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Thursday, 11 October 1956

Mr NELSON (Northern Territory) . - I wish to address my remarks to the proposed vote for the Northern Territory. On a previous occasion, I referred to the effect that excessive transportation costs were having on the development of the

Territory, and I pointed out that the subsidy being allowed to the South Australian Government in respect of the Commonwealth railways was a charge against the revenue of the railways and not against Consolidated Revenue. I did not question the justice of the subsidy but merely criticized the method that the Commonwealth was adopting in regard to it. The excessive charges that the Commonwealth railways will have to bear as the result of this subsidy will, of course, be passed on to the producers and consumers of the Territory, and of central Australia.

One of the most formidable obstacles we have to overcome in the Territory at the present time is the cost of living. In this respect, 1 turn to another aspect of transportation which has a definite bearing, especially in the northern part of the Territory. 1 refer to the charges made by the shipping services that ply between Fremantle and Darwin, and between Sydney, Brisbane and Darwin. The Commonwealth has the requisite power and could do much to rectify some of the anomalies that exist in relation to the shipping position in that part of Australia. I point out that the Western Australian Government subsidizes the development of the northern part of the State, and no one can deny that northern Australia, particularly the Northern Territory, is worthy of development. In the course of such development, there will be certain inescapable financial burdens for the Commonwealth to bear. The Western Australian Government has tackled it in a manner which the Commonwealth could with advantage follow. Western Australia is not a prosperous State compared with the industrial States of Australia, yet its Government can subsidize the development of the north-west to a degree very much greater than the degree to which the Commonwealth is prepared to assist the development of the Northern Territory.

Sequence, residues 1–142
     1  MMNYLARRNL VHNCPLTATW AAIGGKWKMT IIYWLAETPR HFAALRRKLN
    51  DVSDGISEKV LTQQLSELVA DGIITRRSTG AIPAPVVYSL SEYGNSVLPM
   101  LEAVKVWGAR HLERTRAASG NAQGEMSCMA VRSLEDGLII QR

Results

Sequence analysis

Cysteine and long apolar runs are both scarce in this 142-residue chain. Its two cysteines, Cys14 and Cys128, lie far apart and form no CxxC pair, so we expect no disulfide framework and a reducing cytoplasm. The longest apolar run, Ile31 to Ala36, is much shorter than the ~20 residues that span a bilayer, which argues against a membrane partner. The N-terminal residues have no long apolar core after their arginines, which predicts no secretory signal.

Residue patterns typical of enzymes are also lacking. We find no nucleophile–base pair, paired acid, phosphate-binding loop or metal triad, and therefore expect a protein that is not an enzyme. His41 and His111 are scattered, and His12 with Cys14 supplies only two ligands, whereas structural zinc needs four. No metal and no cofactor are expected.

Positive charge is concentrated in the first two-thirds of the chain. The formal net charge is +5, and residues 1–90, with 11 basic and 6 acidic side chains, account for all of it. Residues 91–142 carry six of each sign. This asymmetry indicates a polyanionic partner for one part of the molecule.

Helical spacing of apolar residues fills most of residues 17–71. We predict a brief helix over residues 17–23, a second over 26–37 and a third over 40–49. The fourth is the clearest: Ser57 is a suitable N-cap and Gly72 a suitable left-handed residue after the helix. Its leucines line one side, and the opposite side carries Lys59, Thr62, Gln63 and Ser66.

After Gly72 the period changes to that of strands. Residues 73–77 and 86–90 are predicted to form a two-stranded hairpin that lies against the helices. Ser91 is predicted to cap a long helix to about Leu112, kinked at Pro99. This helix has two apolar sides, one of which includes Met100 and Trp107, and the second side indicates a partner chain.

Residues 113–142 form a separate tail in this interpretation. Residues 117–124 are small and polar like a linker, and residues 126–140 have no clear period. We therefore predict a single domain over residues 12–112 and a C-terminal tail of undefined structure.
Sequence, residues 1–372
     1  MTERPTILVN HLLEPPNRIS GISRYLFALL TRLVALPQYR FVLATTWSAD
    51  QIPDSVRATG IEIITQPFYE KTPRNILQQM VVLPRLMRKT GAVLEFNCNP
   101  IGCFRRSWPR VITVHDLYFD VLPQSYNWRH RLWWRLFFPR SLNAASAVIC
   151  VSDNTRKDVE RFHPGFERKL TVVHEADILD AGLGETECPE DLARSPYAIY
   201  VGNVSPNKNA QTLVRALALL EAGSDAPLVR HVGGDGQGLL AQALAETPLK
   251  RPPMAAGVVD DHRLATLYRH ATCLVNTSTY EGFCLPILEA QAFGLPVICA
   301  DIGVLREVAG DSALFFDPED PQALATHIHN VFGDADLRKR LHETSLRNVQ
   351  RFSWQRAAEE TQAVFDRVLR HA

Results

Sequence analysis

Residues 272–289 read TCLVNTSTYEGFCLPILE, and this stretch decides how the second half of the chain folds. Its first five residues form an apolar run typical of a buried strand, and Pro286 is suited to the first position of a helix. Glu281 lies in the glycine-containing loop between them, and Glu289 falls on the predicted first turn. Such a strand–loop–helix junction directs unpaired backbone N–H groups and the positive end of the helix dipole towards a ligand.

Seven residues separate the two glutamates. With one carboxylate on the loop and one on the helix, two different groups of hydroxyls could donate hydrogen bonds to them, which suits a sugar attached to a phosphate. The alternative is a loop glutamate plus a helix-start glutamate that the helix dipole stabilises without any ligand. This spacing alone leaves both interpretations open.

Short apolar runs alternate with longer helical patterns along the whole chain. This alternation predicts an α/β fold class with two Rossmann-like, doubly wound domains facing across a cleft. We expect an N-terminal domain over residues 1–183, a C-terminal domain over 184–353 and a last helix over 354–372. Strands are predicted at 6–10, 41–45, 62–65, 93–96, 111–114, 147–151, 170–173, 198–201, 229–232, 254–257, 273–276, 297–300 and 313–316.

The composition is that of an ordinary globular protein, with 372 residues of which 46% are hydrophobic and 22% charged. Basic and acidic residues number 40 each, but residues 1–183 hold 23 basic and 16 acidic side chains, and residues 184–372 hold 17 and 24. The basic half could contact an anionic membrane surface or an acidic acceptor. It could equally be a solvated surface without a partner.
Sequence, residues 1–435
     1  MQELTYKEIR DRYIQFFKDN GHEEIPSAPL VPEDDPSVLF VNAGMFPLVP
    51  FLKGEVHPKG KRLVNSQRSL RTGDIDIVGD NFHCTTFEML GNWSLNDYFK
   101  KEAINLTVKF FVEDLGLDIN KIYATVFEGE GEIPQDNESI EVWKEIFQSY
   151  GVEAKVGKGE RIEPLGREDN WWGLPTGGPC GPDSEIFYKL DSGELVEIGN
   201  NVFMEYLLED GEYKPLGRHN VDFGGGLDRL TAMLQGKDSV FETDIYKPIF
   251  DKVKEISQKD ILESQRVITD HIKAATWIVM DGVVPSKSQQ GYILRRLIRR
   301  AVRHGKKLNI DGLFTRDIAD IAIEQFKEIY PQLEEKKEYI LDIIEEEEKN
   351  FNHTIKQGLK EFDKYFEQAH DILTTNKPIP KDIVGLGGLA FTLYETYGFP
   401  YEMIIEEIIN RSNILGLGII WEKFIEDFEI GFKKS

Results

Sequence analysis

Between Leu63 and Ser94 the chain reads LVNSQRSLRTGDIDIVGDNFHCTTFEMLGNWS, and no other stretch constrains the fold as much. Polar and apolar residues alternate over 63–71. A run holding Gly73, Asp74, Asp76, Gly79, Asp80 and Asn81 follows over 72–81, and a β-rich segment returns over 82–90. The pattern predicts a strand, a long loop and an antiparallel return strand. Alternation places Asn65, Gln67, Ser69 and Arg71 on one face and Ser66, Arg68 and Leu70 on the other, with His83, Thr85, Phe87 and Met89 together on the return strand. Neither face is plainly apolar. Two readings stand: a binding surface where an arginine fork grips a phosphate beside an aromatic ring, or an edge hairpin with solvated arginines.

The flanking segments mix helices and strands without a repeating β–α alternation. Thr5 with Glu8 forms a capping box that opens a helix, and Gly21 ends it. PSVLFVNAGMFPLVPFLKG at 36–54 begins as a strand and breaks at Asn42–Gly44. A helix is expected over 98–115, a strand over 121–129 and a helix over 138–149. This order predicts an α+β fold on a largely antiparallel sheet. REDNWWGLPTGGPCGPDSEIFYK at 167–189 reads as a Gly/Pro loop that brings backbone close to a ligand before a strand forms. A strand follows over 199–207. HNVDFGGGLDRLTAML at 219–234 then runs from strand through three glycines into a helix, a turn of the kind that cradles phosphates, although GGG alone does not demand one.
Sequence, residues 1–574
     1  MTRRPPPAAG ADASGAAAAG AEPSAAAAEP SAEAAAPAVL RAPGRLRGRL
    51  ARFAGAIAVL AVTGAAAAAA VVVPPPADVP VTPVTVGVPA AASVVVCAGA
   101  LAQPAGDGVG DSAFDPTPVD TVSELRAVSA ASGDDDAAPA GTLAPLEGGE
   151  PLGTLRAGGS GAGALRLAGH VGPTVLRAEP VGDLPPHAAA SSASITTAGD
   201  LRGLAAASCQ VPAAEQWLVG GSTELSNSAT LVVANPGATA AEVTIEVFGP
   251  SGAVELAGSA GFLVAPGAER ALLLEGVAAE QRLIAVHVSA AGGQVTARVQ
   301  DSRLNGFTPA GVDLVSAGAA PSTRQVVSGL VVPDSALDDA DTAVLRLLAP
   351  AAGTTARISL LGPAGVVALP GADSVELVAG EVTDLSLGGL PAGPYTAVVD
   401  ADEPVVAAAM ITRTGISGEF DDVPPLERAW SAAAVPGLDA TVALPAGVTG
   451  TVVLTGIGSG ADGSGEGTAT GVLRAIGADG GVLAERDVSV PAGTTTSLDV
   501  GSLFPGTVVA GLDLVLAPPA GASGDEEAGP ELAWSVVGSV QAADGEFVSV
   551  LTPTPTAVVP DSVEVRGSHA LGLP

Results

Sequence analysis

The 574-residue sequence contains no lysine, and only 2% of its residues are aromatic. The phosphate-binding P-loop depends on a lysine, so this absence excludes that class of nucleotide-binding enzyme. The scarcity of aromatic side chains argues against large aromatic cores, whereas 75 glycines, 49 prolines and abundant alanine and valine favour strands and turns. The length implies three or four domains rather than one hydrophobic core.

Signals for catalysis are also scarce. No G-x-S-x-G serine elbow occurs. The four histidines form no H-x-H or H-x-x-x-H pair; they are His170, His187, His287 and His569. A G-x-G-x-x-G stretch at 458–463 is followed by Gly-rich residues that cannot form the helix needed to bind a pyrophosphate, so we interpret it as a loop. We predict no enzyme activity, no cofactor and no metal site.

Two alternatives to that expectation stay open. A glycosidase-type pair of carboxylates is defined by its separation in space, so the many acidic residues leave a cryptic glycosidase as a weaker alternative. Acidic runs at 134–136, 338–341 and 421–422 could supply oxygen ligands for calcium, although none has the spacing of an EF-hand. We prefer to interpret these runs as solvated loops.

I should like to instance some of the freight charges of the State Shipping Service in Western Australia between ports in Western Australia and the port of Darwin. Nobody would suggest, in view of the charges that I am going to quote, that the Western Australian Government, in its shipping operations, is discriminating against the port of Darwin, lt is not doing so. It is not the responsibility of the Western Australian Government to sponsor and sub sidize the development of the port of Darwin and the northern part of the Northern Territory. Its responsibility is to subsidize the development of its own State, and it has made a mighty contribution to that cause. But what can be done by the Western Australian Government in its own sphere can easily be done by the Commonwealth in its sphere of activity, the Northern Territory. I say to the Minister for Territories that he should confer with the Minister for Shipping and Transport (Senator Paltridge) with a view to that Minister conferring with the Western Australian Government in order to strike a freight rate which would be comparable with the freight rate that the State is charging its own people in that part of the west. The Minister for Territories must also bear a large part ot the responsibility in this matter.